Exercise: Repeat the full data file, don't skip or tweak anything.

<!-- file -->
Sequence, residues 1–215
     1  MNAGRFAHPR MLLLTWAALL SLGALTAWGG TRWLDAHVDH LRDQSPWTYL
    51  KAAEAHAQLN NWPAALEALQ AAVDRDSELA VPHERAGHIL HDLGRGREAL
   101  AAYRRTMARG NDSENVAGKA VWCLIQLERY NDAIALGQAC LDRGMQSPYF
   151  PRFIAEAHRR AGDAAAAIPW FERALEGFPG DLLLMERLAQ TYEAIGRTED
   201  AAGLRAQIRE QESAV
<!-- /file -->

Sequence, residues 1–215
     1  MNAGRFAHPR MLLLTWAALL SLGALTAWGG TRWLDAHVDH LRDQSPWTYL
    51  KAAEAHAQLN NWPAALEALQ AAVDRDSELA VPHERAGHIL HDLGRGREAL
   101  AAYRRTMARG NDSENVAGKA VWCLIQLERY NDAIALGQAC LDRGMQSPYF
   151  PRFIAEAHRR AGDAAAAIPW FERALEGFPG DLLLMERLAQ TYEAIGRTED
   201  AAGLRAQIRE QESAV